‘Pretty Woman’ musical just feels wrong in the #MeToo era

‘Pretty Woman’ musical just feels wrong in the #MeToo era

The hooker with the coronary heart of gold is singing a brand new tune — however it’s the usual icky story.

“Fairly Lady: The Musical,” which opened Thursday on Broadway, boasts slick path and choreography (by Jerry Mitchell of “Kinky Boots”), plus wonderful performances.

However, like so many films churned into musicals, the present is a warmed-over copy of the authentic.

Severely: Why would anybody revisit such a cool fable, particularly in the #MeToo age? It follows Vivian (Samantha Barks), a Hollywood Boulevard streetwalker whose $3,000 cope with Edward (Andy Karl), a cold-hearted billionaire, results in love. It’s a fairy story replete with condoms, money and contrivances — and a nagging yech issue.

That was there even in 1990, when “Fairly Lady” made Julia Roberts a star and cemented Richard Gere’s standing as a hunk. It’s there when Viv plops a pillow on the ground and slithers between Ed’s legs. Watching the encounter on movie and onstage, you think about thought balloons over her head full of greenback indicators. The identical goes when the duo redefines what it means to bang on a piano, as Edward tickles greater than the ivories.

The musical adheres faithfully to the movie, with J.F. Lawton duplicating a lot of the dialogue — verbatim — from the script he wrote for the Garry Marshall movie. Even Barks’ wardrobe is a duplicate of Roberts’, from her blue working-girl micro-mini to the flowing pink opera robe.

The nice rating, by Canadian pop star Bryan Adams and longtime music associate Jim Vallance, is all gentle rock and clean grooves, although earworms are in brief provide. Manufacturing numbers like the ridiculous style present, “Rodeo Drive, Child,” change into exhausting, even when it’s led by the explosively gifted Orfeh, who performs Vivian’s streetwalking BFF, Equipment.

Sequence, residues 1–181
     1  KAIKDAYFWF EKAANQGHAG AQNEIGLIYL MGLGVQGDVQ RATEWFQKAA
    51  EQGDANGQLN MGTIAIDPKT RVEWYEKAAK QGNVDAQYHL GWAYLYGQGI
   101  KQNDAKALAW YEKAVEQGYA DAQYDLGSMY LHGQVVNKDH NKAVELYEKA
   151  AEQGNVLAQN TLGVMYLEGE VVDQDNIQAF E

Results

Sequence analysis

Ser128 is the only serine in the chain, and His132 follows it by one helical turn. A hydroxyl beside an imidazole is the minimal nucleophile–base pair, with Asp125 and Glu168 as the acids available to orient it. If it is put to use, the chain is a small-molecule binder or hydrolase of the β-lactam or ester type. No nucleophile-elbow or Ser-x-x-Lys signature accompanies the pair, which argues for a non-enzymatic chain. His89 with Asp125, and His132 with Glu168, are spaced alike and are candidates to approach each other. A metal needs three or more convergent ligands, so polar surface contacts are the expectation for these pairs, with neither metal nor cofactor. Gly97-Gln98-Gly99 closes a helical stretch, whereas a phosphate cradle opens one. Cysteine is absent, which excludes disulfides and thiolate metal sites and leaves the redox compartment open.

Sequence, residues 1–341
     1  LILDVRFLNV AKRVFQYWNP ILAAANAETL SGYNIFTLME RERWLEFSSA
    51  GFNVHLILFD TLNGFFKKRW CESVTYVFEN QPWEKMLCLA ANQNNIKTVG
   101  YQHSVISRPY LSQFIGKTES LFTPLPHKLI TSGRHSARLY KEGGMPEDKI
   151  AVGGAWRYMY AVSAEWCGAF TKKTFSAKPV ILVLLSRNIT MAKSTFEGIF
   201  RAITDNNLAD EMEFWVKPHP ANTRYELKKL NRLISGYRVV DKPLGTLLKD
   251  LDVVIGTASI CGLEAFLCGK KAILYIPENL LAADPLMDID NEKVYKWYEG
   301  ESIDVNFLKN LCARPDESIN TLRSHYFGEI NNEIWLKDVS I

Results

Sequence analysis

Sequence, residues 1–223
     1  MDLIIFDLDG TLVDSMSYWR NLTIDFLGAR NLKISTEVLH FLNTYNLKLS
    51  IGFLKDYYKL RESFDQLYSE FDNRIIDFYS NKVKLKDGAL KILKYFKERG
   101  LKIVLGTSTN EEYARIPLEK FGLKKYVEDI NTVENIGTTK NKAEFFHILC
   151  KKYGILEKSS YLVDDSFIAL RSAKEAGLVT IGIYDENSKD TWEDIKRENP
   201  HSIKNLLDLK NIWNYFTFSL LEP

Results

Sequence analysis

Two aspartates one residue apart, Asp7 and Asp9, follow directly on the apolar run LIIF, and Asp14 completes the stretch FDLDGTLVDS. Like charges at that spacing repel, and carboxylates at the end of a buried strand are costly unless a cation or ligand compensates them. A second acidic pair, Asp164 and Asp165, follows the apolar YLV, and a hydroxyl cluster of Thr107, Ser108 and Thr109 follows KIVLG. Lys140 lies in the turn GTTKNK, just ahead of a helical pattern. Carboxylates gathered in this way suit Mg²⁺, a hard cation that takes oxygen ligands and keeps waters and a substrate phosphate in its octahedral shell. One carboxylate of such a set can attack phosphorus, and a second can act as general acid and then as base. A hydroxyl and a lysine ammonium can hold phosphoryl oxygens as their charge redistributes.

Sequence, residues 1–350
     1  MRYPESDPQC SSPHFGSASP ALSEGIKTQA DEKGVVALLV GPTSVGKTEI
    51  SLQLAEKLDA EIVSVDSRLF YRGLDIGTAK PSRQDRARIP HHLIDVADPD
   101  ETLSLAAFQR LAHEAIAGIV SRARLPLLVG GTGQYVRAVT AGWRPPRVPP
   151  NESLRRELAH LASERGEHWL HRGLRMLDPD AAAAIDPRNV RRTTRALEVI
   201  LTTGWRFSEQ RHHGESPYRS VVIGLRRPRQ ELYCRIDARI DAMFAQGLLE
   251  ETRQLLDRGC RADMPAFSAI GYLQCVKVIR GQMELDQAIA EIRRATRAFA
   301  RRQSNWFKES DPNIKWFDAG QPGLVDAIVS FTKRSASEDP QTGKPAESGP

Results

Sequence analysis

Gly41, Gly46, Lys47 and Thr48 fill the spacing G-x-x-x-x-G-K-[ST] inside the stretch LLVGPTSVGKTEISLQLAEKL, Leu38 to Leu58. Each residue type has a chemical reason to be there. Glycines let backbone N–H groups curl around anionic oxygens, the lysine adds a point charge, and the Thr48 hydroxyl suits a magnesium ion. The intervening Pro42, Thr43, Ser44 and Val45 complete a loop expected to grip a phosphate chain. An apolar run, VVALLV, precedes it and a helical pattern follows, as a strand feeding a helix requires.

At the least three songs (“Anyplace however Right here,” “Welcome to Our World” and “You and I”) contact on Eliza Doolittle territory, sufficient to make you assume you’re watching “My Honest Woman of the Evening.”

The look of the present is a head-scratcher. Skimpy set items — an arch right here, a palm tree there — slide into place as places change. Scenic designer David Rockwell seems to have been on a price range.

In distinction, the leads go for broke. Karl (“Groundhog Day”) has a unusual manner of creating Edward his personal: Every time he sings about Vivian, he channels Adams, and his vocals morph into marshmallow-y lite FM.

It takes guts to step into Roberts’ thigh-high boots, however Barks, late of the movie model of “Les Miserables,” sings the hell out of the half, particularly in her music of defiant reckoning, “I Can’t Go Again.” At occasions, she comes near overselling, however she all the time has you rooting for her.

One noteworthy theatrical tweak is merging a number of characters into one: A genial, gyrating Eric Anderson performs Vivian’s fairy godfather, who pops up in every single place — on the soiled boulevard, at the swank Beverly Wilshire Resort and even in the orchestra pit.

The present opens with a view of Los Angeles, seen from behind the iconic Hollywood signal. It’s an uncommon vantage level, hinting at recent angles and insights right into a dated story.

No such luck. “Fairly Lady: The Musical” is a singing rerun.


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